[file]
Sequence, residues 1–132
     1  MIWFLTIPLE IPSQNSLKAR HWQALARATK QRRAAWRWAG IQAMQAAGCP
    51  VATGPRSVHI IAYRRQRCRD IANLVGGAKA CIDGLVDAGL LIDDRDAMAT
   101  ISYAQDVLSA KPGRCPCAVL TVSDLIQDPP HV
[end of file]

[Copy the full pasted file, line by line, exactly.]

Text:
Sequence, residues 1–132
     1  MIWFLTIPLE IPSQNSLKAR HWQALARATK QRRAAWRWAG IQAMQAAGCP
    51  VATGPRSVHI IAYRRQRCRD IANLVGGAKA CIDGLVDAGL LIDDRDAMAT
   101  ISYAQDVLSA KPGRCPCAVL TVSDLIQDPP HV